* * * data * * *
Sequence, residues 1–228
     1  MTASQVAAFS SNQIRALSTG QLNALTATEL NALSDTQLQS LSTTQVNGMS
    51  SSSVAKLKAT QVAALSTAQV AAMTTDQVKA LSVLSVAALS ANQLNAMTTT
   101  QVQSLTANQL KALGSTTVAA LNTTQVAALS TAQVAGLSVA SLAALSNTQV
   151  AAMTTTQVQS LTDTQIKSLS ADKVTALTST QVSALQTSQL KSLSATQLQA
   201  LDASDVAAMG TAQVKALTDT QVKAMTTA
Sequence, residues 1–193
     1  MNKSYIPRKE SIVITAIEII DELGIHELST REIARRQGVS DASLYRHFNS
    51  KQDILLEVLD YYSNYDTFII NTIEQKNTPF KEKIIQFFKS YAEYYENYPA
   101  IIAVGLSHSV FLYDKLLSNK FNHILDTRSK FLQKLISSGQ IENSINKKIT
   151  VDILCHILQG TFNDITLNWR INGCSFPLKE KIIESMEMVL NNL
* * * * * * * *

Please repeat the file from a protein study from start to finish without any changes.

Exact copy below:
Sequence, residues 1–228
     1  MTASQVAAFS SNQIRALSTG QLNALTATEL NALSDTQLQS LSTTQVNGMS
    51  SSSVAKLKAT QVAALSTAQV AAMTTDQVKA LSVLSVAALS ANQLNAMTTT
   101  QVQSLTANQL KALGSTTVAA LNTTQVAALS TAQVAGLSVA SLAALSNTQV
   151  AAMTTTQVQS LTDTQIKSLS ADKVTALTST QVSALQTSQL KSLSATQLQA
   201  LDASDVAAMG TAQVKALTDT QVKAMTTA
Sequence, residues 1–193
     1  MNKSYIPRKE SIVITAIEII DELGIHELST REIARRQGVS DASLYRHFNS
    51  KQDILLEVLD YYSNYDTFII NTIEQKNTPF KEKIIQFFKS YAEYYENYPA
   101  IIAVGLSHSV FLYDKLLSNK FNHILDTRSK FLQKLISSGQ IENSINKKIT
   151  VDILCHILQG TFNDITLNWR INGCSFPLKE KIIESMEMVL NNL